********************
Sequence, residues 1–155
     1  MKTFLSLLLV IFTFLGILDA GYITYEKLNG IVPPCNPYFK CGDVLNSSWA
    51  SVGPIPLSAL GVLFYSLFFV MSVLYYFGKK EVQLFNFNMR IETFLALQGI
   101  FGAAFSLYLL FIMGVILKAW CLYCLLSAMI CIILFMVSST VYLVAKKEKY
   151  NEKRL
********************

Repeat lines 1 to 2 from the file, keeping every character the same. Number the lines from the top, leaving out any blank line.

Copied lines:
Sequence, residues 1–155
     1  MKTFLSLLLV IFTFLGILDA GYITYEKLNG IVPPCNPYFK CGDVLNSSWA